Choosing Trash Receptacles for Your Sites

image of trash receptacles in a park

As you prepare for warmer weather, you want to make sure recreational areas are a source of pride for your department and joy for the patrons. Preventing and eliminating litter is a top priority.    

Public parks offer many benefits for those who use them. Litter, however, can distract and degrade the experience. In fact, poorly maintained sites with visible debris distract from patrons' perceived quality and safety of an experience. 

It's probably not the most glamorous decision you'll make, but choosing suitable trash receptacles adds to a site's aesthetic appeal and cuts down on litter. 

The right trash receptacles aren't singlehandedly going to make litter go away. A combination of educating the public, promoting staff responsibility, and regular scheduling of inspections are all essential aspects of litter control.

That being said, the most appropriate trash receptacles for your site compliments litter control efforts. Waste containers not chosen for specific site requirements can contribute to the litter problem.

Considerations for Selecting Trash Receptacles 

Taking time to assess the litter control needs and appropriate trash receptacles allows outdoor areas to retain their natural beauty during usage.

Here are some things to consider while selecting trash receptacles:


Sites get used differently. The one-size-fits-all receptacle approach may do more harm than good. Determine the amount and type of trash generated from each area. Factors could include the presence of:

  • Picnic areas 
  • Campsites 
  • Athletic fields 
  • Concession stands
  • Special programming

For example, a wire mesh container might work for sites that primarily collect paper waste. If you expect more organic waste generated--like at a campsite--a solid, traditional receptacle is a better option.

Containers used for collecting recyclables have surged in popularity as we take a more concerted effort to be kinder to the environment. Choosing recyclable containers, however, comes with its own set of considerations. For example, would the site benefit from receptacles specifically marked for different types of waste? How would the maintenance crew handle the collection of trash versus recycled material?


The receptacles should look attractive and blend in with the surroundings. But, of course, you want them to be noticeable enough to discourage littering. Also, keep in mind how well they will age in the setting.

For example, a metal trash container placed directly on the ground will start to rust quicker. This not only looks bad, it eventually makes collecting trash more difficult.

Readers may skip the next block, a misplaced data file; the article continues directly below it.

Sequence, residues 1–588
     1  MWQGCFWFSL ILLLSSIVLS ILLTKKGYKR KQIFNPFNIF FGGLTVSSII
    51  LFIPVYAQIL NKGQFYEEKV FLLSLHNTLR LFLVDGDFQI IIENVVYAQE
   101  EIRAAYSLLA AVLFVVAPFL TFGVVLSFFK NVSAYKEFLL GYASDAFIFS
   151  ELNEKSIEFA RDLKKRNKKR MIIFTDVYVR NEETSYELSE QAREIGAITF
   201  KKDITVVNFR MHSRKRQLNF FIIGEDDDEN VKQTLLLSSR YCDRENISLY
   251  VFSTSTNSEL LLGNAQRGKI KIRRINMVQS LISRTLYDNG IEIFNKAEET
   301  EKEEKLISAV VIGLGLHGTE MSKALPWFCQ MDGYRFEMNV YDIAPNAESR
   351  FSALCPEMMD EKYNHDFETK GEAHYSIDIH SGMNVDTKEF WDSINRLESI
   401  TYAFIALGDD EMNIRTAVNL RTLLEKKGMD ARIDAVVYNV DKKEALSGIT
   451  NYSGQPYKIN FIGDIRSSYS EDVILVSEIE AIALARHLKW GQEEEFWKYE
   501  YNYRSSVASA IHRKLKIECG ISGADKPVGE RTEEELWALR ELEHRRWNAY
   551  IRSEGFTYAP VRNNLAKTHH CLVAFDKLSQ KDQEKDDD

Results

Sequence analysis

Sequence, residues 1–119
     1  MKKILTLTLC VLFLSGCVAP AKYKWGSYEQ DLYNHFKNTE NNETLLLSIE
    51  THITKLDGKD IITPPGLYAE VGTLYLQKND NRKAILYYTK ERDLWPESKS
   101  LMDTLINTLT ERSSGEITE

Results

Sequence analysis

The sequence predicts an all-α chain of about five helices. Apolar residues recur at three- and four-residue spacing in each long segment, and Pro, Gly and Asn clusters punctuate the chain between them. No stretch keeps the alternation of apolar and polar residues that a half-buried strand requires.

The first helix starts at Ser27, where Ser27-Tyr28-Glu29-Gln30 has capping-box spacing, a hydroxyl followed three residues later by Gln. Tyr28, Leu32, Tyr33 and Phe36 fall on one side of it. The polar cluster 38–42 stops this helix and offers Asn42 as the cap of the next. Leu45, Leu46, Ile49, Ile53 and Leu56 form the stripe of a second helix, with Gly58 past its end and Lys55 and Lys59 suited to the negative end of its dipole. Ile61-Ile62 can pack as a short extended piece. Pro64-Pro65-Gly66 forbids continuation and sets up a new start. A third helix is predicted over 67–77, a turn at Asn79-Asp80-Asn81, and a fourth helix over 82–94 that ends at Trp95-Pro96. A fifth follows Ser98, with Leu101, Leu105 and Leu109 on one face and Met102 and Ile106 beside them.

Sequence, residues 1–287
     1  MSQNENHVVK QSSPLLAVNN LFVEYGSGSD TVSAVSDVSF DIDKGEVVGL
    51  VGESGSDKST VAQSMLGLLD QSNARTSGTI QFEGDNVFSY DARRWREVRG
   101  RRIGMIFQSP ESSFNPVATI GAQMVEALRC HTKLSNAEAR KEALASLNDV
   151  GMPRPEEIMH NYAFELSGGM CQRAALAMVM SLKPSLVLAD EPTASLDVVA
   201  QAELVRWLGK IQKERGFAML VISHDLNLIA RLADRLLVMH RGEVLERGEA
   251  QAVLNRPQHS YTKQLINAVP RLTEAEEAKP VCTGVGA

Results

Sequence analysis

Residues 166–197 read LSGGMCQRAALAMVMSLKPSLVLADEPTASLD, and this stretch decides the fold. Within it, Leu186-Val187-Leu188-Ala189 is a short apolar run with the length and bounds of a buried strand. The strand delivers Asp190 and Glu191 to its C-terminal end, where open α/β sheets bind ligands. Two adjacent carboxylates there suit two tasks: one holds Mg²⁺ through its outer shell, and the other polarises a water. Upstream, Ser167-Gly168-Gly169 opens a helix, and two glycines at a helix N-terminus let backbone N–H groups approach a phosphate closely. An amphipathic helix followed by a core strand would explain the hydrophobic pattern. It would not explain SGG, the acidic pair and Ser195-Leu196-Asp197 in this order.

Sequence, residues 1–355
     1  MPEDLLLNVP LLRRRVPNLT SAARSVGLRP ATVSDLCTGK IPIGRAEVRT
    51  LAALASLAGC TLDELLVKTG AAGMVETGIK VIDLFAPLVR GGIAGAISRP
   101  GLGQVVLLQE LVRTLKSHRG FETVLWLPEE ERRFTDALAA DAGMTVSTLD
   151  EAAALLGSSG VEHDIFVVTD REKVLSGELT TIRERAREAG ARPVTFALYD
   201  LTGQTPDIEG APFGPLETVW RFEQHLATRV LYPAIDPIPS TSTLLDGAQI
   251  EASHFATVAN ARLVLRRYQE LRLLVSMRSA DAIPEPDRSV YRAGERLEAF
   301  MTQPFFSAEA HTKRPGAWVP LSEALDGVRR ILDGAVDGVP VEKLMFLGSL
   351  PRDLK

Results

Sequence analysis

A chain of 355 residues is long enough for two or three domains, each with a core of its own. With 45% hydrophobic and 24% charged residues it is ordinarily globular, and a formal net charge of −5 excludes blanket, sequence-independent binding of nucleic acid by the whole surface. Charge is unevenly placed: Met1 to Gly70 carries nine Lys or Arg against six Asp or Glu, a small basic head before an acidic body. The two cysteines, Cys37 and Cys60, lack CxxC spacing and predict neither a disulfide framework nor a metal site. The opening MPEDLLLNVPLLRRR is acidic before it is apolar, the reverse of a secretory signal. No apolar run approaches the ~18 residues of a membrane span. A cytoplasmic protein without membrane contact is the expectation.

A frequently used site needs high-quality receptacles. Choose design and materials that will hold up to the regular use of patrons and handling of the maintenance crew.

Using Lids?

Securely fitting lids help keep wildlife, rodents, insects, and other nuisances away from the waste. Animal proof tops are another potential solution if lids don't seem feasible.

Easy to Handle

How will your crew remove trash from the receptacles? If they have to lift the container to empty it, is the size large enough to hold the necessary waste without becoming too heavy?

Will plastic liners be used in the receptacles? Liners help speed up the trash collection process and keep waste contained more efficiently. Also, using liners prevents your crew from having to lift the containers. Choose liners that are at least 2 mm thick.

Easy to Clean

People want to see waste containers before smelling them. Encrusted waste in trash containers is unsanitary, distracting, and attracts rodents and pests. 

Is the receptacle designed for easy cleaning? What procedures and scheduling should your crew implement to ensure the cleanliness of containers?

Being Consistent with Litter Control

You selected and placed the best trash receptacles for your sites. Next, set up a schedule for your crew to check and empty them when necessary.

For some sites, this may be a routine task. Other areas may need more specific, dynamic scheduling based on programming. 

Some parks and recreation departments have found success in litter control by using maintenance software that integrates routine inspections, programming schedules, and work orders to keep their parks cleaner and more enjoyable to the public.